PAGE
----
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CANADA Surrenders Sovereignty & Privacy to U.S. Secure Flight Program *LINK*

Canada Surrenders Sovereignty & Privacy to U.S. Secure Flight Program


Canada is under pressure from U.S. officials to further comply with American security rules which in some cases, threatens its sovereignty and the privacy of its citizens. As a result of the war on terrorism, the U.S. government now has more power to restrict air travel and is not only dictating North American, but also international security measures.

Bill C-42, An Act to amend the Aeronautics Act would require Canadian airline carriers that fly over the U.S. to provide the Department of Homeland Security (DHS) with passenger information. This includes name, date of birth, gender, as well as passport and itinerary details when applicable. Airlines landing in the U.S. already have to supply this information, but allowing personal data to be shared on passengers who are only flying through American airspace essentially shreds existing Canadian protection and privacy laws. Bill C-42 complies with the Transportation Security Administration’s (TSA) Security Flight Program which would take effect globally at the beginning of next year. Most Canadian commercial flights pass over the U.S. while en route to Latin America, the Caribbean and Europe which in many cases would give the DHS the final say on who is allowed to travel to and from Canada.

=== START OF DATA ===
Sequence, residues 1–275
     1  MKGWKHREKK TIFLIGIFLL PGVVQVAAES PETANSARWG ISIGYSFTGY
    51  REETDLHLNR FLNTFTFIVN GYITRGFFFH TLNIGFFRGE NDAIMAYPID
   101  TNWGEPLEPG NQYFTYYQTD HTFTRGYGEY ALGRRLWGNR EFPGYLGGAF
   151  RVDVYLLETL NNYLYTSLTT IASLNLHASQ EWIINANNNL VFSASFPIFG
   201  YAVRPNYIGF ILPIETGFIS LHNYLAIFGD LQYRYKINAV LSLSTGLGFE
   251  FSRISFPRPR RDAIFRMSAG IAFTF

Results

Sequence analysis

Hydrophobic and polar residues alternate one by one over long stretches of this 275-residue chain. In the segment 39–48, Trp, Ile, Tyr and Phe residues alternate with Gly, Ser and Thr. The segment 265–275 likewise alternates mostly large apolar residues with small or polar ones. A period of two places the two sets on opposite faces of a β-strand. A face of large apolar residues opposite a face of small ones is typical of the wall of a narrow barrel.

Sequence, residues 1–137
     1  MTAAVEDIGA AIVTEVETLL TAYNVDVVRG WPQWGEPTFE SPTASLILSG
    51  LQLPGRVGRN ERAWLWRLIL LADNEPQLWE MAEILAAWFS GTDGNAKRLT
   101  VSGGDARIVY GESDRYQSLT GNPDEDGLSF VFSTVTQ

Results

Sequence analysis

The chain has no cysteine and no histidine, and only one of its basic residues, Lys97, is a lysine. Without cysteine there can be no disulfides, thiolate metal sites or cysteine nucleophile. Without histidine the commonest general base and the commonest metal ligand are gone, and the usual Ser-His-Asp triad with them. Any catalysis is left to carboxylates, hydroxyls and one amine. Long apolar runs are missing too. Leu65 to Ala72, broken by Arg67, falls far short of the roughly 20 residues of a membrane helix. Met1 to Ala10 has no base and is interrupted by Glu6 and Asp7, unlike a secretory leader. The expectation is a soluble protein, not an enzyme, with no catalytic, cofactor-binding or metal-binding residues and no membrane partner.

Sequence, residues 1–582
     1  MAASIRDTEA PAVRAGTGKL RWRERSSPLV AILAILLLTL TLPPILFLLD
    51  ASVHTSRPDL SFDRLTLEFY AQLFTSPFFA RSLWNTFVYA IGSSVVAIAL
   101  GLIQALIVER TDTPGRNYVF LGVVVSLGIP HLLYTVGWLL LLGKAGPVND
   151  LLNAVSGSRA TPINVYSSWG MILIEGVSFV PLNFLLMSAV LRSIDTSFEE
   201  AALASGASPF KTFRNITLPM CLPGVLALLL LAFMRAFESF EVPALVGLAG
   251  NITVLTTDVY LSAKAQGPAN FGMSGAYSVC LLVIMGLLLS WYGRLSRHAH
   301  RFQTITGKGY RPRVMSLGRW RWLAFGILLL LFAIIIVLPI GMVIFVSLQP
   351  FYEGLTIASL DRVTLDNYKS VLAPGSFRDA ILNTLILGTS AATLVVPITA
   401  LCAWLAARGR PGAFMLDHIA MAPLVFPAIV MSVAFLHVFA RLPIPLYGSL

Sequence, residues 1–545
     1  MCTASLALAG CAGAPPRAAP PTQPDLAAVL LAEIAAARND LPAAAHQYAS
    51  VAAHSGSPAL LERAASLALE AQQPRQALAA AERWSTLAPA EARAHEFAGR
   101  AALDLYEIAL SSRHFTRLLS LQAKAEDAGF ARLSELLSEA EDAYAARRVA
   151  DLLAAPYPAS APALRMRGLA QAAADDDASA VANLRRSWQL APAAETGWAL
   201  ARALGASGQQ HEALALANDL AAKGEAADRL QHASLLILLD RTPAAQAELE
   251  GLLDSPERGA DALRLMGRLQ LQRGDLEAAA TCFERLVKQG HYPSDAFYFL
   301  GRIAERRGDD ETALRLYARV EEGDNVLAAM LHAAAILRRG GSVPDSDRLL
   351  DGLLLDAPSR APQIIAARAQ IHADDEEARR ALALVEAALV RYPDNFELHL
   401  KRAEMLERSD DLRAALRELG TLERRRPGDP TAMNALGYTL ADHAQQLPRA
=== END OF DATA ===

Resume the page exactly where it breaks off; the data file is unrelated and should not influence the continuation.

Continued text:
Under Canada’s Passenger Protect Program, “airlines must compare passenger’s names against a list that is controlled and managed by Transport Canada before a boarding pass is issued.” Secure Flight transfers that authority from airlines to the DHS. TSA will be responsible for pre-screening passengers and their personal information against federal government watch lists. According to the Secure Flight Final Rule document issued in 2008, “If necessary, the TSA analyst will check other classified and unclassified governmental terrorist, law enforcement, and intelligence databases, including databases maintained by the Department of Homeland Security, Department of Defense, National Counter Terrorism Center, and Federal Bureau of Investigation.” With many well documented issues surrounding the accuracy of security watch lists, U.S. mistakes could further prevent more Canadians from flying to foreign destinations. There are also concerns that data collected on Canadian citizens will be readily accessible to a broad range of U.S. agencies and just what might be done with the information...



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